I was intrigued to read a statement by the World Health Organisation (WHO) recently that mental health is more than the absence of mental disorders in the same way that health is not just freedom from illness.
This somewhat reoriented my notion of mental health as a concept and my sense of mental health in the workplace as being very much about optimising the healthiness of the environments in which we ask staff to work.
Mental health is as a result a very positive statement of what employers should seek to encourage in their workforce by recognising factors which support mental health while seeking to minimise factors which tend to reduce it. This is I believe a helpful reorientation for managers to take in managing people.
In effect, employers have three duties each of which requires a different mindset: 1) to support staff with mental health issues and prevent any discrimination against them; 2) to ensure that the work environment does not create an environment in which mental health is likely to be impaired; and 3) to seek ways of promoting and encouraging optimal mental health.
In terms of supporting staff with mental illness, this is not an insignificant challenge in that around 70 million working days a year are lost as a result of stress, depression and other mental health issues, at a cost of £70 to £100billion to the UK economy, according to a report by Dame Sally Davies. The UK’s Chief Medical Officer called for employers to find ways for staff to stay engaged in work productively while encountering mental health problems. Staff tend to remain actively engaged in workplaces where employers are prepared to be more flexible around working hours and maintain contact with employees on sick leave.
There are numerous factors which can impinge negatively on mental health in the workforce, and these are often also characteristics of what is sometimes termed a “toxic workplace”. These include lack of direction, lack of respect for others, uncertainty and lack of trust. In difficult times and in situations of heightened levels of uncertainty, tensions and issues are exacerbated and it is particularly important that employers and managers be attuned to the atmosphere amongst workforce, the level of morale amongst staff and the extent to which individuals may feel exposed and uncomfortable in their working environment.
In our present industry context in the north-east with so many affected by job losses amongst family and friends and remaining uncertainty about job losses to come, it is crucial that employers be vigilant and alert to staff worries and seek to minimise uncertainty wherever possible. One of my colleagues Anne Stevenson wrote recently of the importance of the psychological contract that employers implicitly enact with employees which is not about the company’s formal policy and procedures but is rather the unwritten rules and expectations that everyone knows or thinks apply. This unwritten psychological contract can be a very powerful force at difficult times, when trust can also suffer.
So what constitutes a toxic work environment? It’s a mix of things including: the existence of opposing cliques and an absence of collegiality; bullying at any level but particularly amongst those in authority; interruptions and invasiveness; a sense of unfairness or lack of authenticity and honesty; poor or uneven communications throughout the organisation; and high levels of illness in any form.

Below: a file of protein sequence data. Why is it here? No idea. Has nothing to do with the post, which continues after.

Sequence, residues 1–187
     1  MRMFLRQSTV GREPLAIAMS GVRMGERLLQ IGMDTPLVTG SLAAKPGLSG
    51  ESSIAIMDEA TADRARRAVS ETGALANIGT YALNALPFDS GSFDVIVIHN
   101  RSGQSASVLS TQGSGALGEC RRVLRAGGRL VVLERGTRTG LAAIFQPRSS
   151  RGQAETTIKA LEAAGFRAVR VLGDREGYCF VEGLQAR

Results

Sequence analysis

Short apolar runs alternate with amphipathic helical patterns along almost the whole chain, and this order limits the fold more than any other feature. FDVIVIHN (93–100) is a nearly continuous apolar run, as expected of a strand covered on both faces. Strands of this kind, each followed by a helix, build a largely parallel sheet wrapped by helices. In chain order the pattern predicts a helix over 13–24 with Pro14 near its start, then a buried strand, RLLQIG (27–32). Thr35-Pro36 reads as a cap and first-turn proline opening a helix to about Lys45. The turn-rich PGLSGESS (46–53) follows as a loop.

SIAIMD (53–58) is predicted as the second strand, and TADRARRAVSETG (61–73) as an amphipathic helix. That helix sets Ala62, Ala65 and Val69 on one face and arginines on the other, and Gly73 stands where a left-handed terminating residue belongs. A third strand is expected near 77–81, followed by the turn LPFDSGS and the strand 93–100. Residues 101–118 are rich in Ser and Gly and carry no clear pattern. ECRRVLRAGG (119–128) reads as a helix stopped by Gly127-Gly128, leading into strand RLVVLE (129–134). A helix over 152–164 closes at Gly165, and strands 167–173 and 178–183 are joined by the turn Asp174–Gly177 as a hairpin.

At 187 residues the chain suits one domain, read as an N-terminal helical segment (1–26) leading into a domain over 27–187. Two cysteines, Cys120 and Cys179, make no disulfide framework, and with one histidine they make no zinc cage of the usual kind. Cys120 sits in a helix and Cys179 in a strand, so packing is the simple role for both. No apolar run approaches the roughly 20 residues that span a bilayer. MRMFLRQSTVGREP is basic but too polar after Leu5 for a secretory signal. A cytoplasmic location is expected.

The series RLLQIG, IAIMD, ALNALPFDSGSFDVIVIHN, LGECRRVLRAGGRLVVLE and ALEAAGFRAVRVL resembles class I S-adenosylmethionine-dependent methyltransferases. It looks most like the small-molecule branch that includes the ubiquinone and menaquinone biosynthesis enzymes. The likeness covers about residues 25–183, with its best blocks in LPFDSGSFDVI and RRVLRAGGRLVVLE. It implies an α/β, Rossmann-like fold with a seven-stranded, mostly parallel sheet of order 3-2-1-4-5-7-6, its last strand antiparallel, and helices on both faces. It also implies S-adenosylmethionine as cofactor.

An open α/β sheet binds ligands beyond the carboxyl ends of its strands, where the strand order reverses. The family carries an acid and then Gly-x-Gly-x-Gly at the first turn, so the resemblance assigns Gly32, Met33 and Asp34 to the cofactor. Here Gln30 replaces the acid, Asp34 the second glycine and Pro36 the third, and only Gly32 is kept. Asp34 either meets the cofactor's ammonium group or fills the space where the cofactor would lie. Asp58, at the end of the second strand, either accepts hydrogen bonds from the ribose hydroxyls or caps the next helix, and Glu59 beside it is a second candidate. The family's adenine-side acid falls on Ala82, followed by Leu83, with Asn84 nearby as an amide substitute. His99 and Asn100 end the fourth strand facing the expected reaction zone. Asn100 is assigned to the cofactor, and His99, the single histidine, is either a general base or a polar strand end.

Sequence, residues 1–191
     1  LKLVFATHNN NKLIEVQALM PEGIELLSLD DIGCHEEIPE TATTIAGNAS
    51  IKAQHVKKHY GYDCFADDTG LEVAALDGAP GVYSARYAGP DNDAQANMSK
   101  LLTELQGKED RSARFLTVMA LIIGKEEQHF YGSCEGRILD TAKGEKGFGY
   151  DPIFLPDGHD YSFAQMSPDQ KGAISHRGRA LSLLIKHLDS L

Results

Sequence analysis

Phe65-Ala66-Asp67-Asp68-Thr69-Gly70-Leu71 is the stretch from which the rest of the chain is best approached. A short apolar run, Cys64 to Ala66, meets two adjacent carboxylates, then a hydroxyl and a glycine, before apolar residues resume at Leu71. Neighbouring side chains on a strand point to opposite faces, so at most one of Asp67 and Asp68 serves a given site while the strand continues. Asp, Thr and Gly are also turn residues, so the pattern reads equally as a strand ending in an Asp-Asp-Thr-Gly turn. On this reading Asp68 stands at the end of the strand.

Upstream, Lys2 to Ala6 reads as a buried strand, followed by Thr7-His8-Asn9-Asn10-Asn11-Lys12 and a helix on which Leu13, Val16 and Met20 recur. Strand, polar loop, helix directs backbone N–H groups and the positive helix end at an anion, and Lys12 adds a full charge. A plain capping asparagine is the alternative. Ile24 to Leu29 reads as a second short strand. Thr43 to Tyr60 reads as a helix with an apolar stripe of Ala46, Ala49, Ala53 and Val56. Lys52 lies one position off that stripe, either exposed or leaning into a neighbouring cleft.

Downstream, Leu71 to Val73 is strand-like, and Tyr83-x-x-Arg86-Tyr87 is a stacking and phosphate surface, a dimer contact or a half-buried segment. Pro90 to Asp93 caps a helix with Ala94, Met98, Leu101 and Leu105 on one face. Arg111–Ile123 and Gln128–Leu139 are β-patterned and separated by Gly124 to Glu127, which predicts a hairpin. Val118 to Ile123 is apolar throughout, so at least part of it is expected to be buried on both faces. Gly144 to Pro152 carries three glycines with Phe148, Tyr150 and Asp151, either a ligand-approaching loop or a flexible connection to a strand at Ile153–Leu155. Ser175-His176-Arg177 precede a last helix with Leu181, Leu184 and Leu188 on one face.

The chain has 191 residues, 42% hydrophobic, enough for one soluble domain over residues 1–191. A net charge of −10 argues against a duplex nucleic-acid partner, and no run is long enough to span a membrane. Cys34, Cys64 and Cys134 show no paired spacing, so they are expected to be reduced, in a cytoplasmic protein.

Recently at Robert Gordon University during Mental Health Awareness Week, staff were encouraged to engage in behaviours that are likely to promote good mental health amongst the community through what was termed “random acts of kindness”. While this is an entirely laudable effort, it seems to me a little sad that people need to be encouraged to undertake such acts of kindness. And while I applaud the initiative’s focus on the positive, one of the most significant things that an employer can do in promoting mental health is to ensure by example that there are fewer, if indeed any, random acts of unkindness.
In a workplace where random acts of unkindness are the norm, the culture will effectively be toxic and result in high levels of illness including mental illness. And it is the case that the links between sound management principles and organisational success are well proven.
It would be worth all of us asking ourselves what was my last random act of kindness but also and perhaps, more tellingly, what was my last random act of unkindness. For there are times where organisational imperatives and good ideas get in the way of kindness or have unintended consequences that may hurt those people we employ. This is not, in my personal view, good practice; it will not work in the best interests of the employers ultimately and it will be a telling sign of a toxic workplace where such acts are the accepted norm.
Interestingly the American Psychological Association has found evidence to show that companies that have mentoring programmes for managers at all levels and executive coaching for senior managers perform well in terms of low levels of absence. They also identified five areas of intervention that promoted a psychologically healthy workplace:
Employee growth & development
Health & safety
While thinking about what might be done to enhance the workplace at the Aberdeen Business School, yet another colleague Professor Heather Fulford suggested music in our social spaces and from that conversation a plan is emerging to place a piano in our atrium. There are many ways in which our environments can be enhanced by small acts at little or no cost – by kindness, by music and by respect.